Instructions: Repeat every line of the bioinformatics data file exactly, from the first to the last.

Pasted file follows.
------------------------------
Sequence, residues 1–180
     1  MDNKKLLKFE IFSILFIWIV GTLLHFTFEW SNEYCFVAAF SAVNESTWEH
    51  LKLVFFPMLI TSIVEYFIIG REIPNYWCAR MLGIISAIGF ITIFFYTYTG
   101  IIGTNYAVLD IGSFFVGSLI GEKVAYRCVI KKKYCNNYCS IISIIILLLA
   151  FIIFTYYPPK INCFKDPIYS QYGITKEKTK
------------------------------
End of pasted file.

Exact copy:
Sequence, residues 1–180
     1  MDNKKLLKFE IFSILFIWIV GTLLHFTFEW SNEYCFVAAF SAVNESTWEH
    51  LKLVFFPMLI TSIVEYFIIG REIPNYWCAR MLGIISAIGF ITIFFYTYTG
   101  IIGTNYAVLD IGSFFVGSLI GEKVAYRCVI KKKYCNNYCS IISIIILLLA
   151  FIIFTYYPPK INCFKDPIYS QYGITKEKTK